James Cameron: Despite Mistakes in Original 'Titanic,' Not One Frame Was Changed in 'Titanic 3-D'

PHOTO: James Cameron attends the world premiere of Titanic 3D at The Royal Albert Hall, March 27, 2012 in London, England.
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James Cameron, a trailblazing oceanographic explorer, a hugely respected Titanic expert and a perfectionist movie maker, said that while he discovered a few minor mistakes in his original "Titanic," he hasn't changed one frame in his re-mastered 3-D version.

"There was a moment when I thought fleetingly I could correct the film and actually have it match what Titanic really looked like," Cameron said in an exclusive interview with "Nightline." "Another part of my mind said, no, then you're going be a nutter standing on the street corner babbling away."

Movie stars Kate Winslet, Billy Zane and others dazzled on the red carpet in London today for the world premiere of "Titanic 3-D," 15 years after the original film was released. Cameron worked with 300 computer artists, who spent 750,000 man hours giving one of his most iconic films a third dimension. It was a process he called "horrific" and "mind-numbing."

"It has to be done right," he said. "Didn't change a frame. The ship still sinks. Jack still dies."

In the years since the 1997 romantic film became a mega-hit at the box office -- "Titanic" was the first movie to gross more than $1 billion -- Cameron dipped deeper into his obsession with the "unsinkable ship." The legendary director has dived to the wreck in the North Atlantic 33 times in a submersible, studying how the real thing compares to his film creation.

"We found places that the set was wrong, little bit, you know, this was wrong, that was wrong," he said. "There was glass missing from a door."

"I thought I'd thought about everything about Titanic," Cameron told "Nightline." And then he gathered eight of the world's leading Titanic experts for an upcoming National Geographic documentary called "Titanic: The Final Word." The documentary premieres on Sunday, April 8 at 8 p.m. ET on the National Geographic Channel.

The team analyzed the locations of seemingly innocuous shards of debris from the wreck. When they ran computer models of the haul compartments filling with water, they discovered the Titanic stayed upright before sinking -- unusual because most ships, including the recent Costa Concordia disaster off the Italian coast, tip on their sides when they take on water.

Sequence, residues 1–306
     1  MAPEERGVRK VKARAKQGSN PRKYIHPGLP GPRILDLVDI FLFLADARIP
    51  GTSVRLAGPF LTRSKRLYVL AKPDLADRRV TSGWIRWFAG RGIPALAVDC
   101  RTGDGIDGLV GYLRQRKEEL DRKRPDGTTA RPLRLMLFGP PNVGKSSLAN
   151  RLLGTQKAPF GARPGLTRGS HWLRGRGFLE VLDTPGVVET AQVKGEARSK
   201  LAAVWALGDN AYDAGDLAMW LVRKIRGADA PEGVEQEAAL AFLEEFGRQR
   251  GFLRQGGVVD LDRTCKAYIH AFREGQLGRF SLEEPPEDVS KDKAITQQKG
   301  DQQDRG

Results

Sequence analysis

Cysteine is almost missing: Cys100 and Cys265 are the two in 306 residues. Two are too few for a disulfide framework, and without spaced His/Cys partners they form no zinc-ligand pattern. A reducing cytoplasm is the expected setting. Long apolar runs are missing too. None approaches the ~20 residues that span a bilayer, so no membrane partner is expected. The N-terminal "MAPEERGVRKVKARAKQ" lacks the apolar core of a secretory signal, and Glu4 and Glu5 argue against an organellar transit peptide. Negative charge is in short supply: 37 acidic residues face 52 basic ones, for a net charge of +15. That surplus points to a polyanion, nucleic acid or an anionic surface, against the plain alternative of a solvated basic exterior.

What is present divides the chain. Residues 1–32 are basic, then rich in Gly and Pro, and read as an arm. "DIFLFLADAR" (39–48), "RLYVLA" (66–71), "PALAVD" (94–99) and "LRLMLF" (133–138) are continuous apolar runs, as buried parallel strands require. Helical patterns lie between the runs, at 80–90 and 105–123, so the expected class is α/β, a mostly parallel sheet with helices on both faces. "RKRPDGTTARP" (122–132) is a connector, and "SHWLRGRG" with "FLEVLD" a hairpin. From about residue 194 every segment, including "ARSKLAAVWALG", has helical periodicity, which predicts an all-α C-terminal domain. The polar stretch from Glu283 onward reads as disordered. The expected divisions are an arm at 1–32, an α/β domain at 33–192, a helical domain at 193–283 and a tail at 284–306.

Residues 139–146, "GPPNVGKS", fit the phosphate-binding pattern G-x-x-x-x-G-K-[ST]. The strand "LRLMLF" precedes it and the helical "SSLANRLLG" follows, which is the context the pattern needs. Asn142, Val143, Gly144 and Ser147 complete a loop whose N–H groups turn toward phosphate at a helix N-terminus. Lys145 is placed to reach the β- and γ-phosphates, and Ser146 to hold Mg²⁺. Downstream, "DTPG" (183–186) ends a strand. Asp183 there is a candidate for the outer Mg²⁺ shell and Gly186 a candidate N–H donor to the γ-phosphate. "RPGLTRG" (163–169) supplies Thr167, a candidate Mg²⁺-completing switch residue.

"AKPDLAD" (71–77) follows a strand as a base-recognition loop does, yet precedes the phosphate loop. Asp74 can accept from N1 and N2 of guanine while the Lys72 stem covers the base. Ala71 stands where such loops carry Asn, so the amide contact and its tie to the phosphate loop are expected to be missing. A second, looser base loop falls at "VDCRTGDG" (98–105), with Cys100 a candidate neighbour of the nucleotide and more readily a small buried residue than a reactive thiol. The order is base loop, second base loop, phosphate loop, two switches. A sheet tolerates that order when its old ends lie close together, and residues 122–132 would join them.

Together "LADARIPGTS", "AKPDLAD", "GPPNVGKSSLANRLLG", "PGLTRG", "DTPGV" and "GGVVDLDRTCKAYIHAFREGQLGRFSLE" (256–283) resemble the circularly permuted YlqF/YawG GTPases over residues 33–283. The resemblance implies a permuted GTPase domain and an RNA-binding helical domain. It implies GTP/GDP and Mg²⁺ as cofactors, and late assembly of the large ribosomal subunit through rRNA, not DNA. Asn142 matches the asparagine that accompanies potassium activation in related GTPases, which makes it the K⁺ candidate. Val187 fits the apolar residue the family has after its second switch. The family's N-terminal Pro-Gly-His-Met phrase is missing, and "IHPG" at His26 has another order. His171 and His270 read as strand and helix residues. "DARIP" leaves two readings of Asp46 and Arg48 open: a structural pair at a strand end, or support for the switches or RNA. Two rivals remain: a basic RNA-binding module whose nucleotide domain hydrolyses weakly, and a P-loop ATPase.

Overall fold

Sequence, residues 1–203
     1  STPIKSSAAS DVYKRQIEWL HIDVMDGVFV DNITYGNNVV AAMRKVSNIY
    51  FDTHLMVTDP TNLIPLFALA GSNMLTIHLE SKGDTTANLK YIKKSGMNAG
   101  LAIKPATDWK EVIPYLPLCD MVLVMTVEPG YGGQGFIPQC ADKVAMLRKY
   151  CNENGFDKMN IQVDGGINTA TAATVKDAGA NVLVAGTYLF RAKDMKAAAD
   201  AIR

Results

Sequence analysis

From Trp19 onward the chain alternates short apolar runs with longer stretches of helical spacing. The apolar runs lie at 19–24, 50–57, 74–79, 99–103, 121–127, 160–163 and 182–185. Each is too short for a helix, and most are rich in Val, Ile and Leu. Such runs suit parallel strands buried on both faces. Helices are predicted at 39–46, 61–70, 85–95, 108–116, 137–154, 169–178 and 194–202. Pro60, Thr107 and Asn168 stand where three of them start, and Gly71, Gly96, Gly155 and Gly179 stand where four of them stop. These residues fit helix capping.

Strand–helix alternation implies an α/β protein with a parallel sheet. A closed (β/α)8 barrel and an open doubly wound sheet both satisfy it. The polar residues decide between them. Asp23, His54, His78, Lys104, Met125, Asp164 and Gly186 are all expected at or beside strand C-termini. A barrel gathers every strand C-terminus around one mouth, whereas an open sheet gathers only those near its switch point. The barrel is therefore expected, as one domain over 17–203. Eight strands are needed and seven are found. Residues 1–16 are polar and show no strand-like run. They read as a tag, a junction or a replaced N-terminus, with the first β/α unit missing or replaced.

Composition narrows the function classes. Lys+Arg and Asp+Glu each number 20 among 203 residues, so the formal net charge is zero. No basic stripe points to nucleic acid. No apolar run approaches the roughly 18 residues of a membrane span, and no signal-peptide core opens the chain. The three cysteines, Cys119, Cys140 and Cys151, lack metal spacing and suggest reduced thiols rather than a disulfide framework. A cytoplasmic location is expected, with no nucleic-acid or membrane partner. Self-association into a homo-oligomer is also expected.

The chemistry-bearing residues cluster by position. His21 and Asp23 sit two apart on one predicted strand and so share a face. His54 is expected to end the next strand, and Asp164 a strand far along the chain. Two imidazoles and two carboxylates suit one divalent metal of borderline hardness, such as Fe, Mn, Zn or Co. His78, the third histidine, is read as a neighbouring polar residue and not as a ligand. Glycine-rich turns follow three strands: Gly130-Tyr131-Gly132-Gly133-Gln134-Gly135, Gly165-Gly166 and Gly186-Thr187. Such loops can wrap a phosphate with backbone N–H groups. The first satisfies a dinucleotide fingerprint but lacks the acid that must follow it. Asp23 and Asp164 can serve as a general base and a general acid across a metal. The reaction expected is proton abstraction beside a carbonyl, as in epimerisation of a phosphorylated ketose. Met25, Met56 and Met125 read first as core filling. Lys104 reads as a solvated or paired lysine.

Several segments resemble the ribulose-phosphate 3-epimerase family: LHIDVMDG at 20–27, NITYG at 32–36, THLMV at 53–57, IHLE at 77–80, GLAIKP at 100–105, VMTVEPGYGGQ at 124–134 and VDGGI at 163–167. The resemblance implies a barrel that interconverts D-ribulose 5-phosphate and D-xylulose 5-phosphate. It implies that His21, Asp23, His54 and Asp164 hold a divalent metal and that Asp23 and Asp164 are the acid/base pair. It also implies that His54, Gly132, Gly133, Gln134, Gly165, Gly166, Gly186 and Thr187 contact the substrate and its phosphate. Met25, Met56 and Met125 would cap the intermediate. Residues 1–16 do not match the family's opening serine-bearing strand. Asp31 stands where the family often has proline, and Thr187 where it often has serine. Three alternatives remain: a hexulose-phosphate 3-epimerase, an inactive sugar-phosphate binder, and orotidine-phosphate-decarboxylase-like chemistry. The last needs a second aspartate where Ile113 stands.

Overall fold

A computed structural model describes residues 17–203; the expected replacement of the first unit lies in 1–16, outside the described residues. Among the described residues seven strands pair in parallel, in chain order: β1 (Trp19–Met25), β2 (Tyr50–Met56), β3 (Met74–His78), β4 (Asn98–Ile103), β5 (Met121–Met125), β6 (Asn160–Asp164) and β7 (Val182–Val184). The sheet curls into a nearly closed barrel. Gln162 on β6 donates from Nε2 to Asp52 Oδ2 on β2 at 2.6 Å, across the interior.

"None of the people from the engineering spaces survived," Cameron said of the Titanic sinking. "They were working until the very last using pumps, moving water around in the tanks to keep that ship as level as they could so the lifeboats could launch down both sides and those lifeboats all got away. So I think there's a heroic tale that emerges from that."

"Titanic 3-D" may almost be historically accurate, but Cameron now knows it is not perfect. For example, he used a little artistic license in the scene where Winslet and DiCaprio are clinging to the ship's railing, way up in the air, as it is being dragged down into icy depths.

"There was actually probably a moment where it was standing quite proud of the water, but it wasn't quite as dramatic and as static as we showed in the film," Cameron said. "It probably wasn't straight up. It was probably at an angle. We realized that it was really just the perspective of some of the eyewitnesses."

He said he hopes "Titanic 3-D," which will be out in theaters in April 4, timed to the 100th anniversary of the ship's sinking, will have a powerful impact on the audience.

"You know you're in a cinema, you know it's not real, it was filmed 15 years ago, Kate and Leo don't look like that anymore, but there's a part of your brain saying, hey we've got to take this seriously because this is three-dimensional," Cameron said. "Your mind is being tricked to think that you're really there, so now the emotions count more."

Cameron nearly missed the "Titanic 3-D" premiere because, just yesterday, he was at the bottom of the Mariana Trench in the Western Pacific, roughly seven miles down in the deepest part of the world's oceans.

Only two other people have ever been down that deep. In 1962, then-Navy Lieutenant Don Walsh and a Swiss co-pilot dove into the trench. More than 50 years later, Cameron made the deep dive alone, down to what he described as a "lunar landscape."

"I've got some good engineers," Cameron said. "If we thought we were going die, diving this sub, we'd be idiots."

Cameron said he saw bizarre-looking creatures with no eyes in the "darkest, most remote place" on the planet.

"They either have no eyes at all or they have eyes that are adapted for seeing the bio-luminescence of other deep ocean animals, so they can go either mate with them or prey on them," Cameron said. "About the only two things on their mind down there, pretty much like us."

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